Ben Hur Review - Grand, Powerful, A Sure Winner

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Ben-Hur, from Paramount Pictures and Metro-Goldwyn-Mayer, presents the epic story of two brothers and their fight against position and circumstance, against betrayal and binding love, against consuming anger and forgiveness, against loyalty, hope of healing and the power of redemption.

Directed by Timur Bekmambetove, Ben-Hur stars Jack Huston, Toby Kebbell, Morgan Freeman, Nazanin Boniadi, Ayelet Zurer, Sofia Black-D’Elia, Pilow Asbaek, and Rodrigo Santoro as Jesus. Ben-Hur was written by Keith R. Clarke and John Ridley based on the novel Lew Wallace.

Ben-Hur opens with a pan of the Roman Coliseum, an historic bloodsport battle, a no holds barred, no boundaries, a winner take all, leaving no survivors, with only one winner. The flash is moment as the scene returns to a previous time, five years earlier when two brothers, the Prince Judah Ben-Hur, played by Jack Huston and his adoptive brother Messala, played by Toby Kebbell, were friends, competitors, family.

The two, Judah and Messala, on horseback, racing at breakneck speed, as each challenges the other they hit the open field charging, blazing fast when an accident fells Judah. Messala, devoted to his brother, carries him back to their home and waits outside his room throughout the night, praying to the Gods of Rome, waiting for a word on his condition.

Judah wakes and as the family celebrates. Messala, pulled by the need to have his own identity, and not the orphan brother of the Prince, even with the pleasure and privilege the house of Ben-Hur offers, the need to be his own man is greater, as he explains to a stunned Judah his decision to join the Roman Army. 

Over the protests of his family, Messala leaves the family and over the next five years fights in bloody battle after bloody battle. He rises in the ranks, a self-made man, becomes the Pride of Rome. One day, he returns. With the pleasure of genuine affection, he is given a princely welcome.

Considering his devotion and rank in the Roman Army, he approaches Judah and explains his precarious situation. He must secure safe passage for Pontius Pilate, played by Pilow Asbaek,  through Jerusalem. Now as the two stand eye to eye, each holding rank within their own spheres, the sword of Rome holds the power and Judah puts his word on the line and guarantees safe passage.

As the massive army marches through the town, the narrow cobblestone streets are filled with the Roman Army, Pontius Pilate and his garrison are slowly making their way through the town, a wayward anarchist manages to shoot an arrow.

The army, a ticking time bomb, waiting for any reason to unleash hells fury upon the locals and suddenly with the speed of a single wayward arrow they have it. Chaos breaks out, the House of Ben-Hur is charged with sedition, attempted murder. Believing in Messala, brother and son, they all, Mother, sister, Judah, plead attempting to reason against the insanity of the falsehood charged they are sentenced to death.

Separated, as Judah walks the Viva Del Rosa, a foretelling of the Christ, he is meet by Jesus, played by Rodrigo Santoro, who offers the now defrocked prince a cool drink of water and with assuredness explains God has a plan for him. It will be five long, torturous, deeply wounding, painful years before the two would meet again.

It is also five years before Judah meets the one, Ilderim, played by Morgan Freeman, who becomes instrumental in reuniting the House of Ben-Hur. And five years before he meets Messala, the Pride of Rome, who sentenced him to death and believed he was dead, to exact his revenge.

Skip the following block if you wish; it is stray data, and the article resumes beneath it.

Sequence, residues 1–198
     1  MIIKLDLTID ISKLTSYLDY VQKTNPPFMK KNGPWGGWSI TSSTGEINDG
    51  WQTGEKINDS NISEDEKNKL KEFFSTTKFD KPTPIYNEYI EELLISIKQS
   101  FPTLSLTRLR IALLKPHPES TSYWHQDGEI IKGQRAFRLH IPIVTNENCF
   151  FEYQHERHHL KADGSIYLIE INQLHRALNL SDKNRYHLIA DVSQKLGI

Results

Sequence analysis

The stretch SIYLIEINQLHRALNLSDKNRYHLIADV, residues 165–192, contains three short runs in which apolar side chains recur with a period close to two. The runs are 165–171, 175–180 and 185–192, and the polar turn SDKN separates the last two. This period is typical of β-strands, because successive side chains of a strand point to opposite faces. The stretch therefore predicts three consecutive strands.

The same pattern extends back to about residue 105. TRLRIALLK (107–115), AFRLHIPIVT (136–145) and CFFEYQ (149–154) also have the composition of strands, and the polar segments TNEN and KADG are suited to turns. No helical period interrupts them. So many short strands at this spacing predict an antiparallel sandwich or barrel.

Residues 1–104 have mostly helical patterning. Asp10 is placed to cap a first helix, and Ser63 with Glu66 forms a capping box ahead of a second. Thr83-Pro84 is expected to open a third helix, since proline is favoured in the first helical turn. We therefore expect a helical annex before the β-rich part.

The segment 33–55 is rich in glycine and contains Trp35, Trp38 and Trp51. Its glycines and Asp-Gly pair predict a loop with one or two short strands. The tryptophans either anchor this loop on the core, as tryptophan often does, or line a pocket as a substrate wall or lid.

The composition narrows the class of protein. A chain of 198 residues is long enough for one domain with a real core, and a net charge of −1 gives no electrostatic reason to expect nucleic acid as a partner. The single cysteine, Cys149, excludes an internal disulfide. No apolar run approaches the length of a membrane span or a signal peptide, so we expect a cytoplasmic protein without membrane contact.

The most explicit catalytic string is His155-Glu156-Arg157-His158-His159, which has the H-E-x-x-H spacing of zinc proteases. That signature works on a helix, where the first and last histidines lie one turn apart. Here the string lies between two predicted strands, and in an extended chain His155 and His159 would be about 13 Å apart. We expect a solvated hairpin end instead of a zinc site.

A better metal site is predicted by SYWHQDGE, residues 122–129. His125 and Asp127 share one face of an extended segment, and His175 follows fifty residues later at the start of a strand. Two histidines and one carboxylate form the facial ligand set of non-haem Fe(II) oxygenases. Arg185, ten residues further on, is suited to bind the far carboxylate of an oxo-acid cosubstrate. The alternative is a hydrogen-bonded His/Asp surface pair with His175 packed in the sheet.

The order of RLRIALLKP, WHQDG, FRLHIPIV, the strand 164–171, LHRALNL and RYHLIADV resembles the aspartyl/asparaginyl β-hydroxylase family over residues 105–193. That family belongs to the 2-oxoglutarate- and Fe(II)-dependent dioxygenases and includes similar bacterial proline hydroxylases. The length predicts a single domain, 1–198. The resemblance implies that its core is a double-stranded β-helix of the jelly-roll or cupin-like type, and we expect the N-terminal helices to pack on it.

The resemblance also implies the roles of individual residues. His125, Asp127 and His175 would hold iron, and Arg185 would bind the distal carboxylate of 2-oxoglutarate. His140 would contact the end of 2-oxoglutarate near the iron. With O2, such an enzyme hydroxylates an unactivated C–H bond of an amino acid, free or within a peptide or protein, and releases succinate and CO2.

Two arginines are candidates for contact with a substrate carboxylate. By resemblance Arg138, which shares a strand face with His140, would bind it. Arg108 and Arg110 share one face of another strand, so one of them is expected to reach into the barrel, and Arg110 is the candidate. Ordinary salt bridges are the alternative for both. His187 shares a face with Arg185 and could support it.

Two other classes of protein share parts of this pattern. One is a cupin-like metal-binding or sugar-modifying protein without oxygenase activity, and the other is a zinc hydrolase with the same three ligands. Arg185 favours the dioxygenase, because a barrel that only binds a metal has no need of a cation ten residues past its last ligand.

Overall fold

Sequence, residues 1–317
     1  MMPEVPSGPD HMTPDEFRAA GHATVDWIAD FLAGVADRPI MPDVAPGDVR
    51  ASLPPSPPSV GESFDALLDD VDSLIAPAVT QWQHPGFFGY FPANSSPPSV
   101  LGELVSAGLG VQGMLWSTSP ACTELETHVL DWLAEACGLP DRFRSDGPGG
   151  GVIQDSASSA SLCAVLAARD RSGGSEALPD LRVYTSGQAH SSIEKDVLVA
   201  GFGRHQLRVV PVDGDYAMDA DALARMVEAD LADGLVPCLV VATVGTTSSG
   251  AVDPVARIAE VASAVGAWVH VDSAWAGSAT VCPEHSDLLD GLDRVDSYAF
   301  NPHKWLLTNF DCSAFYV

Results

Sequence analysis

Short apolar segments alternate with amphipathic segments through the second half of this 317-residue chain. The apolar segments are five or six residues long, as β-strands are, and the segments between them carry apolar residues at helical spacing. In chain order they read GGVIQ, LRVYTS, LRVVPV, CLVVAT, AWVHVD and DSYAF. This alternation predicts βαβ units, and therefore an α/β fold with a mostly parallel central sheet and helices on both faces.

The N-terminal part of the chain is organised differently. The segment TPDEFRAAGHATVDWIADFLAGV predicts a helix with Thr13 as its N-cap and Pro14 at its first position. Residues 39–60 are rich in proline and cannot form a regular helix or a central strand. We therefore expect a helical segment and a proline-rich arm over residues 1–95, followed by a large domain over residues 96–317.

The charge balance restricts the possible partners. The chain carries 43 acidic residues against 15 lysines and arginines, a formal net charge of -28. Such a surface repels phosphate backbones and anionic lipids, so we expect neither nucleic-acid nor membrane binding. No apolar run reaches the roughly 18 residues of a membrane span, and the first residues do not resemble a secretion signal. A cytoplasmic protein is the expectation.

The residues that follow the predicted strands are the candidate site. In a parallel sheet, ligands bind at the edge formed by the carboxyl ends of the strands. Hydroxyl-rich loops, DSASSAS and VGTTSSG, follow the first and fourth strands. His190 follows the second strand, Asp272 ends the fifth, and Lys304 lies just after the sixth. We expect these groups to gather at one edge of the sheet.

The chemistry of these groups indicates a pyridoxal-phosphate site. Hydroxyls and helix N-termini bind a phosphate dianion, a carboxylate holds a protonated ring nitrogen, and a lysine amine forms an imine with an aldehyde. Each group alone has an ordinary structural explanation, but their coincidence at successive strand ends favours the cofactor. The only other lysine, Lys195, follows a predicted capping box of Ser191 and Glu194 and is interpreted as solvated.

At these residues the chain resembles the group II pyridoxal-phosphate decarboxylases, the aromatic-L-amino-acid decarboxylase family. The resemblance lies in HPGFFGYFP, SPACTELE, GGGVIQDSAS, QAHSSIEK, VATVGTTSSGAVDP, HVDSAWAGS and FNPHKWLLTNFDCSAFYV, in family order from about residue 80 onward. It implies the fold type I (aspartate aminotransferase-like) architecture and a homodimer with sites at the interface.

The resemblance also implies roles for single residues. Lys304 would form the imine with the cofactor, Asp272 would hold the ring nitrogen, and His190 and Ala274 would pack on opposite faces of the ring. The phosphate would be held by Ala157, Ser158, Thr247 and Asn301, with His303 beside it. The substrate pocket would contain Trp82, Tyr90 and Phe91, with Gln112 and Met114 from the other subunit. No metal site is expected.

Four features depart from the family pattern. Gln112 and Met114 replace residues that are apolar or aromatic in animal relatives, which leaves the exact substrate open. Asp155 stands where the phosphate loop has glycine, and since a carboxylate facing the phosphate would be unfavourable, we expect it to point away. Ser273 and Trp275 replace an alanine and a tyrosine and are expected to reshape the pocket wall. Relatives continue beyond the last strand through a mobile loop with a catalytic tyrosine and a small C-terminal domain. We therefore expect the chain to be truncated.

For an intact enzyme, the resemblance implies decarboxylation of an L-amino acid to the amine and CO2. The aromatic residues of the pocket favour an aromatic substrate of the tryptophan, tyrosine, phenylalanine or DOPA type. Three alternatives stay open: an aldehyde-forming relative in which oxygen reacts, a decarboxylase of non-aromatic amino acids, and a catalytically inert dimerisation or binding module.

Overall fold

I really enjoyed Ben-Hur. This is one of the rare instances I screened a film with a general public audience, and as the end credits began to roll, I paused, waiting and was genuinely happy as the audience reaction mirrored my own and they spontaneously began applauding.

The difficulty in remarking anything is the comparison factor and as the filmmakers decided to squelch that possibility right out of the gate by upping the game into the 3D realm it essentially stopped any assessment, compare or contrast. Ben-Hur is a sure winner.

The 3-D effects, are so very crisp, and stunningly sharp, one can almost feel the spray as the horses kick up the dirt during the races. State of the art sound has thunder rolling during the key chariot race scenes, the fights and torture. The filmmakers took something special and enhanced, or modernized, it creating a second golden nugget.

Audiences may not have any concern for the story, and the foretelling of Christianity or other Biblical references, and the filmmakers managed not to allow that portion of the story to become the focus outside of the small intersections. The script is on point, without straying other than by face value, into the story of the crucifixion.

Ben-Hur has a poignant message that resonates for those who have religious beliefs or those who do not. It is produced by husband and wife Mark Burnett and Roma Downey, both who profess Christian faith. The film doesn’t stray from the horrors of the Roman Empire, especially in their bloodsport games.

Ben-Hur is a larger-than-life, ambitious story, grand in scope, sweeping vistas and emotionally charged. From beginning to end, Ben-Hur is captivating, engaging and shocking. The torture scenes are stinging with authenticity. The enormous coliseum scenes, with dynamic crowd scenes remarkable.

Jack Huston and Toby Kebbell become these characters. They are a royal priesthood, cast into prison, seeking to kill that which injured. The entire cast brings this classic interpretation to life

Ben-Hur pits brother against brother, man against nature, the effects of war against the heart of peace. Impressive! Brilliant and dramatic!

Ben-Hur opens August 19, 2016. See this film is it epic, stunning, a sure winner.

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